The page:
All this is a huge spanner in the search giant's works. Our relationship with Google is input-output, not cognitive. When we use a social network, we can have a good or bad experience, but it is not cognitive either. We know that we are using a tool and our brain is not affected. However, as with virtual reality, despite the fact that we "know" that what we are seeing is not real, it affects us (hence the "reality" part), because our brain perceives it as a cognitive experience. ChatGPT provides us with information in a cognitive way; it is forceful and therefore credible, even if it contains errors. We know that it is not human, but we perceive it with human realism and that provokes effects of attraction and companionship on our brain.
However, search and advertising are not going to be the object of the war between tech giants, rather it will be Artificial Intelligence itself. We are facing disruption that will change everything for good, including all the tech giants. We know that Apple has announced its own search engine and that it never settles for less than excellence and perfection. Maybe there will be some surprising news this year.
Winners and losers
Amazon has spent years on making Alexa a faster way to access information, giving it control of your life in the sense of home security, thermostat, all home appliances, etc. Beyond being a good alarm clock, it has not really worked out. People have given it a chance, but have ended up opting for their mobile phone. But what if ChatGPT is faster than a mobile phone in matters of voice services in our homes? Could we become surrounded by ChatGPT? Alexa's fate is similar to that of Siri, although the latter began with the advantage of having a whole closed system behind it.
Well, neither Alexa nor ChatGPT are AI. These are assistants, robots like Her with human voices. In fact, ChatGPT, using its security rails as it should, insists upon the fact that it is a "language model" and is not trained to give this or that answer.
Now, if with Microsoft's VALL-E service we can clone our voices in 3 seconds to work with other generative AI models, such as GPT-3, it means that a large language model like ChatGPT would soon be able to offer voice results, once this model is integrated. It is not a futuristic daydream. The question is how to bring it to millions of users in an ethical way, and OpenAI makes one thing clear on its website: they are concerned about the ethical uses of AI, exposure to minors, etc.
Which brings me to the next question: if there is concern around young people's mental health because of their overexposure to technology, what's going to happen now? Going back to the feelings developed in the movie Her, are we going to prefer interaction with machines over our fellow humans? The reality is that we are already talking to machines more and more every day, and perhaps we prefer it to some extent (for reasons too long to expose in this article). Soon, we may be asking ourselves these questions: how much more time will a young person spend talking to a language model like ChatGPT than talking to their mother or father? Is this bad? In reality, it is inevitable. Many of us remember childhood and many classic TV series and cartoons as experiences we didn't have with our parents, but as young spectators. The new generations communicate at a distance, maintain affective and family relationships at a distance, often using social tools. Again, new conversational technology changes not only the way we as humans relate to machines, but also the way we relate to each other. Intelligent interactions will shift from being human-to-human to incorporating human-machine cognitive interactions.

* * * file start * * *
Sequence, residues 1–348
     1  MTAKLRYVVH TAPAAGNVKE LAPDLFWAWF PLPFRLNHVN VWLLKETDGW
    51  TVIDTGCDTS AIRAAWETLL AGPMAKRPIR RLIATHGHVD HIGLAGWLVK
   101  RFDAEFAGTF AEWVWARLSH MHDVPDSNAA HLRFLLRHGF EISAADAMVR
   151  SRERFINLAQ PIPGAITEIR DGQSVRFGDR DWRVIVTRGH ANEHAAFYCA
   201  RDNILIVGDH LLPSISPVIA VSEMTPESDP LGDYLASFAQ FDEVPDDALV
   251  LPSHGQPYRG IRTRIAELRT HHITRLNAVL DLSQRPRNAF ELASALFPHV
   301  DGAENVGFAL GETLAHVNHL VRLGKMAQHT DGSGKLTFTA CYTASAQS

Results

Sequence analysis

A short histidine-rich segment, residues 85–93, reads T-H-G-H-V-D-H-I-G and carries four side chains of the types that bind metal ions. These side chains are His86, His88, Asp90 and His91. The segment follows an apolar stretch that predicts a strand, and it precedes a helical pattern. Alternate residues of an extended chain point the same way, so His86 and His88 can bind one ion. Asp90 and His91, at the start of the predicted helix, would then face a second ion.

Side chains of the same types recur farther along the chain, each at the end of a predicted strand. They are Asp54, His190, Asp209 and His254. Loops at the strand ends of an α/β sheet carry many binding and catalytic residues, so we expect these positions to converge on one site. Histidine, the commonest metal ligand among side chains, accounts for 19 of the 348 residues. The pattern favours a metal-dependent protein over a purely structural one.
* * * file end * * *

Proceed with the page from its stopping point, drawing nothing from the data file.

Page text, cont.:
GPT4 and March 2024
People who have tried it say that it is a much bigger leap forward, even bigger than the one from GPT-2 to GPT-3 and 3.5 (ChatGPT), trained with 175 billion parameters.
Next year, we will see what version 4 will bring, with trillions of parameters and 500 times more powerful than ChatGPT. What is happening now is a mere experiment/toy. With integrations that we will see in IoT, possibly with voice, we are going to feel like we are interacting with a person, not like the artificiality of a call center. It could be a search engine/recommender with assistant functionalities and far more complete information than the small summaries it gives us now.
More paid versions may also emerge, because the computational cost of running a large language model is five or six times more than a search engine. Will some people have access to information and others not be able to afford it? Are we ready for what is coming?